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The Journal of Military History 67.2 (2003) 585-587

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Wilson and China: A Revised History of the Shandong Question. By Bruce Elleman. Armonk, N.Y.: M. E. Sharpe, 2002. ISBN 0-7656-10510-5. Maps. Illustrations. Appendixes. Notes. Bibliography. Index. Pp. xviii, 227. $28.95.

Bruce Elleman ably reviews the diplomacy of Shandong, arguing that Woodrow Wilson labored honorably on China's behalf only to be unfairly accused of a sellout. Elleman criticizes inept Chinese diplomacy and the disingenuousness of the Soviets' Karakhan pledge—a phony renunciation of privileges in China. While the diplomatic narrative is useful, and the contrast with Russian chicanery is valid, Elleman's interpretation concentrates rather superficially on "face" while ignoring more concrete factors. While the Shandong controversy is undeniably critical in China's recent history, Elleman overstates the direct connection between Wilson's perceived sellout and China's turn to communism.

This traditional diplomatic history revolves around treaties and memoranda of conversations. Twenty documents appear in facsimile form, perhaps to make the account more engaging to undergraduates. Elleman traces pre-Versailles diplomacy and Japan's 1914 displacement of Germany in Shandong. The author argues unpersuasively that China willingly accepted the Twenty-one Demands. More importantly, a related Japanese note stipulated eventually vacating Shandong. Beijing blundered seriously in September 1918, "gladly" confirming Japan's position. At Versailles, Japan claimed all German rights in Shandong. Little land was involved. Elleman appropriately reminds us that the dispute centered on the concession area around Jiaozhou Bay and Qingdao, and policing, mining, and railroad rights. On paper, at least, no one was giving away "the homeland of Confucius." When pressed, Japan alluded to prior agreements to return some privileges, but refused to commit such intentions to paper or announce a timetable. The Chinese delegation argued strenuously for a direct reversion from Germany to China. "Why take two steps, when one will do?"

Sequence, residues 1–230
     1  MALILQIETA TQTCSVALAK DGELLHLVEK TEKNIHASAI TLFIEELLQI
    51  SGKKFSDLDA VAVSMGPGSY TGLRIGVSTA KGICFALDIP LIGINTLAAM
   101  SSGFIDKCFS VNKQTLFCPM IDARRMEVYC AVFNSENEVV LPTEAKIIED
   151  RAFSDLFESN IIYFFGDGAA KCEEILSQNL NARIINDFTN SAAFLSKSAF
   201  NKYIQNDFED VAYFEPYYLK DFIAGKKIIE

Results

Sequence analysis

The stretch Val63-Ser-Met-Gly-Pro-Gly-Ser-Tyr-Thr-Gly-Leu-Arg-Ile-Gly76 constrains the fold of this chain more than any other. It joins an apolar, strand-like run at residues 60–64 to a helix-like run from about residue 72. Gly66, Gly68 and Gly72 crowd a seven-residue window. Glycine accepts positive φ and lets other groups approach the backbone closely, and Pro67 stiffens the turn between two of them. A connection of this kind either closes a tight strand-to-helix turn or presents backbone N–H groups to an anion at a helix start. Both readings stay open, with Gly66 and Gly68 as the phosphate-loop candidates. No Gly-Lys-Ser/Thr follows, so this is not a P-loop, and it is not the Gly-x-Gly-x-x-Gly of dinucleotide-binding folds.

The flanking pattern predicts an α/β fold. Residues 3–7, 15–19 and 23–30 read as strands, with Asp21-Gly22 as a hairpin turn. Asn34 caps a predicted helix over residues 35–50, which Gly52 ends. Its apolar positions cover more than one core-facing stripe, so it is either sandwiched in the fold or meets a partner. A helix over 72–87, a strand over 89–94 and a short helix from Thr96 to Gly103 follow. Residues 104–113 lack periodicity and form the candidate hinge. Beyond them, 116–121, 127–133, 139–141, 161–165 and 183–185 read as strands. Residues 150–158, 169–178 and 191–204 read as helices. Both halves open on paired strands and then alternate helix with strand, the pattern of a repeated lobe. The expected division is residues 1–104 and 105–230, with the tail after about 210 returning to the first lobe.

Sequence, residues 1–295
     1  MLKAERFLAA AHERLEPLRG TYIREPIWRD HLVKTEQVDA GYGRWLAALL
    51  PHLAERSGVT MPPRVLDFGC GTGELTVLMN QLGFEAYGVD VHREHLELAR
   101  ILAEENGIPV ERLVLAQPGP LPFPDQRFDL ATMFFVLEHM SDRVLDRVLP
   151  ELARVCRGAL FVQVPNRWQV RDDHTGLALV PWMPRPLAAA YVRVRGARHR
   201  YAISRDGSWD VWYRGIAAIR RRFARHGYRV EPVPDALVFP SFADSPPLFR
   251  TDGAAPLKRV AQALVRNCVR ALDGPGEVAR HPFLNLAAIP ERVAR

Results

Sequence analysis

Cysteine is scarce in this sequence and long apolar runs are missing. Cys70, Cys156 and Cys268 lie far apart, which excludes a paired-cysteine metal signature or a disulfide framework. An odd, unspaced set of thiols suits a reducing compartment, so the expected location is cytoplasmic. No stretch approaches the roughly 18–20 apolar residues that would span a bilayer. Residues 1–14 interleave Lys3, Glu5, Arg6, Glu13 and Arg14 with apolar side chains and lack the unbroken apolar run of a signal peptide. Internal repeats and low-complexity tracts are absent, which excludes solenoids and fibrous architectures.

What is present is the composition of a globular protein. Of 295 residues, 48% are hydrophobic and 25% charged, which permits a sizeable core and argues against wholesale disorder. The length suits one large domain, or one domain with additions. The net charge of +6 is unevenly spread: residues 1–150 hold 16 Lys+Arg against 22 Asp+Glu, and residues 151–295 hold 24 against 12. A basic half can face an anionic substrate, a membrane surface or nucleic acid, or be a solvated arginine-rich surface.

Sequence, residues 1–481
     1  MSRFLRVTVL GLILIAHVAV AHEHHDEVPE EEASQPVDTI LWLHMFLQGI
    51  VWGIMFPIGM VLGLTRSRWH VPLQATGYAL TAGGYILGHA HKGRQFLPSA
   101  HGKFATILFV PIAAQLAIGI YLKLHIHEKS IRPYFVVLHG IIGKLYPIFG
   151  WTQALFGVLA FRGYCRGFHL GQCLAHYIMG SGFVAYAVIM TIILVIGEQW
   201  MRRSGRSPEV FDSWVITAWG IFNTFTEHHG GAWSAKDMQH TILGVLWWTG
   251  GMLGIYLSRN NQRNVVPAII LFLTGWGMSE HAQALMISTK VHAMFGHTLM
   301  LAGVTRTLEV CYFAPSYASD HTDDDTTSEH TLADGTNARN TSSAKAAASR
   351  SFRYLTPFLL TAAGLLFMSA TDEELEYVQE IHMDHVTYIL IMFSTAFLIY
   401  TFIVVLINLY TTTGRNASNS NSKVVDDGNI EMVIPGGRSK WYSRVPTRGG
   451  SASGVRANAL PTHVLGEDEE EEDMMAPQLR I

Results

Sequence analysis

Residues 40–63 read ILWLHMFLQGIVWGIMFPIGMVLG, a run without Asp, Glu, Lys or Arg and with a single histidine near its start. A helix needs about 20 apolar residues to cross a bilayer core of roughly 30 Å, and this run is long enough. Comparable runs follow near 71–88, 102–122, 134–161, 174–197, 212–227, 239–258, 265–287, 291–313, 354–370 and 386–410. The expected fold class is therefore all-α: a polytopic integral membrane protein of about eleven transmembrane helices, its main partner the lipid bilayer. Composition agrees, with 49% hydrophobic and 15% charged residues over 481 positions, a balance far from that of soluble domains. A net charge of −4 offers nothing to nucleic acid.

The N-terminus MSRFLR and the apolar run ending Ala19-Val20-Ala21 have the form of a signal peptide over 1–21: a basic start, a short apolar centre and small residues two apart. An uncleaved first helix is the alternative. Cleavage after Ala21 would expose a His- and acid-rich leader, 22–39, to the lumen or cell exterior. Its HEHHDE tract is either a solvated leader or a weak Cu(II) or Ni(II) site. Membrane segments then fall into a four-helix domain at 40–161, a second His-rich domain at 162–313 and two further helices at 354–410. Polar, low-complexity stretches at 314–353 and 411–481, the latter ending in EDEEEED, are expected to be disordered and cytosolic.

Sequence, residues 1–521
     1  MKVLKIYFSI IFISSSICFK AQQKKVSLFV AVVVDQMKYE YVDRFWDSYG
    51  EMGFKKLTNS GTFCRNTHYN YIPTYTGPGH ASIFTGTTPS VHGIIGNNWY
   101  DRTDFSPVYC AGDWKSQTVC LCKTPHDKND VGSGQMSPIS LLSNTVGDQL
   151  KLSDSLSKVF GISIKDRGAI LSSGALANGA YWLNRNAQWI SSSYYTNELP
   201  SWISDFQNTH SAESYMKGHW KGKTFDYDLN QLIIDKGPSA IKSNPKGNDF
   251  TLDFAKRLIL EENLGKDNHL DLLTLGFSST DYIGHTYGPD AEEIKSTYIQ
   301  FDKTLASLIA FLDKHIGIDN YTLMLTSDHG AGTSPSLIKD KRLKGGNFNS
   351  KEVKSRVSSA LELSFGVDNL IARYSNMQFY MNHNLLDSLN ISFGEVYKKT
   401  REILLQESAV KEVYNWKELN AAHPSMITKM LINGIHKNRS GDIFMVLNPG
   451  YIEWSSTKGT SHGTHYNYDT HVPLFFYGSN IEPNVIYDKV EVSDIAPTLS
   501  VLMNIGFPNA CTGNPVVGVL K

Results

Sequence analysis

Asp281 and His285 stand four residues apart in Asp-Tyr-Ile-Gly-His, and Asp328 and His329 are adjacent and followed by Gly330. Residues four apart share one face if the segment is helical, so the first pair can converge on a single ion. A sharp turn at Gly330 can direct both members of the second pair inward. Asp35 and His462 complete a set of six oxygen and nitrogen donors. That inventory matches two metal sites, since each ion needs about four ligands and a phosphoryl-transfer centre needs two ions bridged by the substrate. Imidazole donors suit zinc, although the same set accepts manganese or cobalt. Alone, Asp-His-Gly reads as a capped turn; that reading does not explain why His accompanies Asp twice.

Elleman seems too confident that Japan would have quickly departed, and never duly acknowledges Tokyo's expansive appetites. "Face," rather than economics or geopolitics, explains everything—Japan did not want to lose face by retreating from previously won positions or by being forced by suspicious allies to commit to paper what it had verbally pledged: to vacate the concession. This is too generous. Noriko Kawamura and others show that Japanese leaders called World War I a "one-in-a-million chance" to expand. The Shandong railroads constituted an "artery that extends [Japan's] power" [End Page 585] inland. Thus, for the Chinese, an indirect retrocession of German privileges, via Japan, was not merely a loss of their "face" as Elleman argues, but clear evidence that Japan had appetites. If left alone to work out the details with China, Tokyo might well retain its "artery." Elleman passes briefly over Beijing's willingness to accept indirect return, if the Japanese would state a concrete timetable.

And what of Wilson's role? Well, which Wilson? The one who pontificated against secret diplomacy and for self-determination? Or the one who affirmed the sanctity of treaties? Though sympathetic, Wilson saw China trapped by a web of self-serving quid pro quo treaties between Japan and its allies. Nor would Tokyo support the League of Nations—Wilson's darling— before Shandong was settled. Wilson persuaded Japan to surrender overtly political privileges, an important point. But he made little effort to arrange Japanese withdrawal until after the fundamental decisions had been made and Japan could more confidently resist. He dropped a plan to publicize Tokyo's verbal assurances, which he ineptly failed to have an American secretary record. Wilson played a substantial role in blocking Japan's "racial equality" clause in the League of Nations charter, thereby antagonizing the delegates he should have been cultivating. Having lost the battle, the Chinese envoys considered signing the treaty, but expressing reservations. Wilson, of course, opposed reservations, so China did not sign the Versailles Peace Treaty, which simply acknowledged Japan's accession to Germany's former position in Shandong. It was silent on retrocession. Elleman concentrates on Chinese miscalculations, but Wilson, for...


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